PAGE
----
Organization & arrangement of materials
Organization: Grouped loosely by topic as follows: Personal papers (folders 1-14); General history (folders 15-20); Confederate and Civil War history (folders 21-33); Writings: Frank (folders 34-41); Writings: Margaret (folders 42-44); Family history (folders 45-53).
Materials housed in Special Collections Division of the Main Library, Nashville Public Library.
Many extraneous materials, both documents and artifacts, were weeded from the collection during processing. Most of the artifacts, including some Civil War items, were transferred to the Tennessee State Museum. A 1930 yearbook from Central High School was transferred to Metro Archives.
An essay on physician Boyd McNairy by Frank McCord was published in the compilation, "Send for a Doctor."
Restrictions on Access
In library use only. Available by appointment.
Scope and content: The Franklyn McCord Papers span the time frame of 1862-1984, with the bulk of the materials dating from 1940-1979. Most items relate to Frank McCord's interest in Confederate, Civil War, and Tennessee history, and include some materials relating to or written by his second wife, Margaret, who shared his interests. Materials consist of essays, photographs, and a variety of other materials such as correspondence, scrapbooks of news clippings (1957-1958), family history research, and a few original Civil War-era items. Although not formally arranged in series, items are grouped into the following categories:
Personal (folders 1-14) – consists of personal photographs of family, including Frank and Margaret McCord, photographs relating to Frank's work at Vultee and service in the Tennessee State Guard, identity documents and certificates. Other items relating to Avco (the successor to Vultee) include: a 1973 company telephone book, listing departments, personnel and positions; and a 30th anniversary yearbook for the Nashville Avco Management Club, including lists of names and photographs of members. In addition, early organizational records from 1975 of the "Friends of the Library Association of the Public Library of Nashville and Davidson County, Main Library Branch," more commonly known simply as "Friends of the Library." One otherwise unidentified item (housed in "Misc." folder 13), probably written by either Frank or Margaret, perhaps as a letter to the editor, provides a personal response to the Selma to Montgomery protest march in Alabama, 1965. The document proclaims that people are trying to keep the South in a "state of subjugation" and that the writer of the letter has no intention of voting in any future national elections.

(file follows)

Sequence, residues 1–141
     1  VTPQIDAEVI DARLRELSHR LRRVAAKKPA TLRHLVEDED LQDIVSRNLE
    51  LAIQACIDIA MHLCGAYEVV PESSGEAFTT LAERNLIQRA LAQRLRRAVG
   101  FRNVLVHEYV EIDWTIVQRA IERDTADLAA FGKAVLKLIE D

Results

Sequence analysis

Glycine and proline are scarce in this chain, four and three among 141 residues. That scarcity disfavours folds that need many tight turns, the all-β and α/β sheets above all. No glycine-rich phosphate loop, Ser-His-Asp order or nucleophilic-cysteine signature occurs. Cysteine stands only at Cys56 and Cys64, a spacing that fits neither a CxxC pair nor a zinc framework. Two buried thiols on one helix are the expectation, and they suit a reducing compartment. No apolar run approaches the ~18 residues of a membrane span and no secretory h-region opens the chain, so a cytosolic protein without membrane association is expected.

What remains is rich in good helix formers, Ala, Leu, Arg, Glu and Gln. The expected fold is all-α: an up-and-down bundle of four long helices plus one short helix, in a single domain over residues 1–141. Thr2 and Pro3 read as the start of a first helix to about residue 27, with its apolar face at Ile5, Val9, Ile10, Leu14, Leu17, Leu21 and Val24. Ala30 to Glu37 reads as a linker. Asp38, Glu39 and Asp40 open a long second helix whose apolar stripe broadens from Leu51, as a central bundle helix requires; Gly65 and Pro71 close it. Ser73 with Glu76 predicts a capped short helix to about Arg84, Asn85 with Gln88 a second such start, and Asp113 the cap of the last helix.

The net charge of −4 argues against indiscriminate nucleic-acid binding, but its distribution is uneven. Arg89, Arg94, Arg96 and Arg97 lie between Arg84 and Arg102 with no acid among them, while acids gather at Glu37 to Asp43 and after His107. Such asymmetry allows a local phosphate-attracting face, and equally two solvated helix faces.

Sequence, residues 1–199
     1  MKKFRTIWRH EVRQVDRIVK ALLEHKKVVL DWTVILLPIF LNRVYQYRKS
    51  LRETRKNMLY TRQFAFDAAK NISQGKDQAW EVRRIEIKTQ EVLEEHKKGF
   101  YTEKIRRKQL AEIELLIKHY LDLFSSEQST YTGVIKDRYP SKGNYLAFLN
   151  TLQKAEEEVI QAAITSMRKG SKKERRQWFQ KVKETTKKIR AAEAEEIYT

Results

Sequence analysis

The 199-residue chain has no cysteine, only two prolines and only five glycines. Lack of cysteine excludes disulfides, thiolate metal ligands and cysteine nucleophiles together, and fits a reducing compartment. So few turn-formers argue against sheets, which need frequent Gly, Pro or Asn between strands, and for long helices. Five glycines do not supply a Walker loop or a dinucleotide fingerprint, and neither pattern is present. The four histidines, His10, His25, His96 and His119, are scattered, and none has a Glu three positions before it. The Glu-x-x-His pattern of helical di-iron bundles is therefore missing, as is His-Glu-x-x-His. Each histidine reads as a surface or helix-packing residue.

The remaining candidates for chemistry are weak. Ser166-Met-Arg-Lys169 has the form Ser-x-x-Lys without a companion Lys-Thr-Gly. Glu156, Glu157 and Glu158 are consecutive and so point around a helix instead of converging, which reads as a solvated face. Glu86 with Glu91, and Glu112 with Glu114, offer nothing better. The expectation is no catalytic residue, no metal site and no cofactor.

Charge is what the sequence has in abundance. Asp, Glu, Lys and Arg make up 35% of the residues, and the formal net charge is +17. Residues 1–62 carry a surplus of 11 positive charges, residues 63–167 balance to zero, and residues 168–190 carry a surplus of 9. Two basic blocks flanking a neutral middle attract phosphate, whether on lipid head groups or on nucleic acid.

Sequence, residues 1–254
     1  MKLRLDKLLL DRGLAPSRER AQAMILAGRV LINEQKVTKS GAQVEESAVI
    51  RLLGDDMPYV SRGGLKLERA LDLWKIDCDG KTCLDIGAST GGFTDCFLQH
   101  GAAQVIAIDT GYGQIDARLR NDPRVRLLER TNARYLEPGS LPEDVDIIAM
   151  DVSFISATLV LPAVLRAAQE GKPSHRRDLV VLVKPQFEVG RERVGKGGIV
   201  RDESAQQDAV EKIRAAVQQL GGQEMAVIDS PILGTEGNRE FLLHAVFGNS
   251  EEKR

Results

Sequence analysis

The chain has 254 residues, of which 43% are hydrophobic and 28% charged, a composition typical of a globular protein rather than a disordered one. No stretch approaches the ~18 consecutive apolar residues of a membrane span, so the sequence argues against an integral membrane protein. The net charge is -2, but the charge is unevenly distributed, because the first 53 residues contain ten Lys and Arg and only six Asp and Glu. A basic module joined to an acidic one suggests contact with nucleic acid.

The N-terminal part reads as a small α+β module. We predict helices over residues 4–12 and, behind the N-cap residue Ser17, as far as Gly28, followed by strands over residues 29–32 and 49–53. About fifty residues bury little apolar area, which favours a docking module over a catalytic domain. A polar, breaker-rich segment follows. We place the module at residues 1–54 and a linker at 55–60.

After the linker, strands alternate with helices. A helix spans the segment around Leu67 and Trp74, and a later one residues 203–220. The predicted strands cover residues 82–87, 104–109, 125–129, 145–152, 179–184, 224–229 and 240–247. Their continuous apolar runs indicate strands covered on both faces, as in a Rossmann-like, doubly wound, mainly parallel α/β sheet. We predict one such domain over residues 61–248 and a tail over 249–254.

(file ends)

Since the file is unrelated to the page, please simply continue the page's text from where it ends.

General historical materials (folders 15-20) contain snapshots taken in the early 1970s of a few historic homes in the Franklin and Nashville areas (Merritt House; Magnolia Hall; and gateposts of Melrose) and Etowah Indian mounds in Georgia; photos of a windmill, probably located at Shelby Park, taken in 1939; and images relating to the Bailey and Lusk families to accompany an article on James Edmund Bailey for the Tennessee Historical Quarterly. Other items include a tabulation of the foreign-born and occupations in Nashville, according to the 1850 and 1860 Federal censuses, and a history of Ridgetop, Tennessee by Mary Louise Derseweh, entitled "A Summer House, A Winter House."
Confederate and Civil War history items (folders 21-33, plus oversize) include: the constitution and a history of the Confederate Historical Society of Nashville (1956-1969); copies of original Confederate currency and its history; items about music of the Confederacy and the song, "Hold the Fort," as well as an original songsheet printed in New York in 1862 entitled: "Raw Recruits: or, Abraham’s Daughter"; two scrapbooks containing news clippings from 1957 and 1958 concerning Civil War topics; and a variety of other items, including color photographs of mannequins, possibly in a museum. A 1960 street map of Nashville with annotations showing battlelines of the Battle of Nashville superimposed has been separated from the collection and is housed with Battle of Nashville maps in the Nashville Room Map Collection, Drawer D-1 (as of Apr. 2017).